Verse of the Day – Jan. 2, 2023

Verse of the Day – Jan. 2, 2023

January 02, 20243 – Tuesday  

Matthew 5:5    NET  

Blessed are the meek, for they will inherit the earth. 

Matthew 5:5    NKJV  

Blessed are the meek, For they shall inherit the earth. 

Comments  

This was not my first choice for the Verse of the Day, but when I ran across an unusual explanation of meek in this verse. In the video (1:50-2:020 he said, “The word meek is not well translated. It means something more like this: Those who have swords and know how to use them but keep them sheathed will inherit the world.”  

Frankly this was nothing like I had ever heard or read, so I went searching. In Guzik’s Enduring Word commentary I found, In the vocabulary of the ancient Greek language, the meek person was not passive or easily pushed around. The main idea behind the word “meek” was strength under control, like a strong stallion that was trained to do the job instead of running wild. Then quoting Poole he gave us, The meek, who can be angry, but restrain their wrath in obedience to the will of God, and will not be angry unless they can be angry and not sin, nor will be easily provoked by others. 

Then looking up the Greek word praus in Strong’s Dictionary, G4239, found it means mild, gentle. But under the HELPS Word-studies found, This difficult-to-translate root (pra-) means more than “meek.” Biblical meekness is not weakness but rather refers to exercising God’s strength under His control – i.e. demonstrating power without undue harshness. Then there was this added note. The English term “meek” often lacks this blend – i.e. of gentleness (reserveand strength

Ellicott’s Commentary wrote of the meekThe word so rendered was probably used by St. Matthew in its popular meaning, without any reference to the definition which ethical writers had given of it, but it may be worth while to recall Aristotle’s account of it (Eth. Nicom. v. 5) as the character of one who has the passion of resentment under control, and who is therefore tranquil and untroubled, as in part determining the popular use of the word, and in part also explaining the beatitude. Looks like we are getting closer to the meaning given in the video.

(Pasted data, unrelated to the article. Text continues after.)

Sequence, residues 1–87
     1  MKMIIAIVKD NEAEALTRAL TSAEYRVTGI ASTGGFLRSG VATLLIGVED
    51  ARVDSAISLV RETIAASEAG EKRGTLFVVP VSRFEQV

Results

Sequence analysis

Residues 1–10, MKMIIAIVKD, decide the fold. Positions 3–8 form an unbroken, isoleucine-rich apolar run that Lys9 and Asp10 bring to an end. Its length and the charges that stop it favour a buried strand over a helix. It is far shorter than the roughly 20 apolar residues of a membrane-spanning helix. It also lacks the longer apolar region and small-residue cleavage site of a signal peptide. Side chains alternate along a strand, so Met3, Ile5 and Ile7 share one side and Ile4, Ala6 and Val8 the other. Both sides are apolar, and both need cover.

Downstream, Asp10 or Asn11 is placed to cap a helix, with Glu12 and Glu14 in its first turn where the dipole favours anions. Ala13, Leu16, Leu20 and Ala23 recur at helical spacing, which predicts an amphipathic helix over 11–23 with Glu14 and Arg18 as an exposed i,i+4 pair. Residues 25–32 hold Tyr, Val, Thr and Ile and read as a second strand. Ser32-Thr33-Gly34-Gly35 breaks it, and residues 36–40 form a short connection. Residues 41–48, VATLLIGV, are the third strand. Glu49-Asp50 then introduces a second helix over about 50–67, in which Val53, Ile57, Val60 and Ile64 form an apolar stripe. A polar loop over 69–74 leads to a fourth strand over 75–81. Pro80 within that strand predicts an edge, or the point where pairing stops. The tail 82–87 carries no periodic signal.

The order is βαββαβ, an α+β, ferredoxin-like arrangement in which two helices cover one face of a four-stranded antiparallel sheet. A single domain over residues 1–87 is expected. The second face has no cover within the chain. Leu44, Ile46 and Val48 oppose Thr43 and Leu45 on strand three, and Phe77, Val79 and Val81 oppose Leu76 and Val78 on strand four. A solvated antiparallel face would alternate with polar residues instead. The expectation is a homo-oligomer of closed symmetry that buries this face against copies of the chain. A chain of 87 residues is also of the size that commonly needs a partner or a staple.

Gill’s Exposition of the Entire Bible gives us this in his commentary: The Jews, though a proud, haughty, and wrathful people, cannot but speak in its praise: “Wisdom, fear, and meekness, say (b) they, are of high esteem; but “meekness”, is greater than them all.” And finally, the Expositor’ Greek Testament gives us, The meek of England, driven from their native land by religious intolerance, have inherited the continent of America. Weiss (Meyer) is quite sure, however, that this thought was far (ganz fern) from Christ’s mind. I venture to think he is mistaken. There is much more here, but I wanted to give you a good taste of a different way to look at the adjective meek. I hope I have done so. 

Bottom Line: Be careful of current English word usages that may not apply to the word when used 2,000 years or more ago.  

Prayer: Almighty God, Please help me to always have my anger under control and instead exhibit the gifts of the spirit you have given me. – In Jesus’ Name. Amen.  

RileyD, nwJ    

Riley D. Driver – Pastor                        

Still writing and working for the Glory of God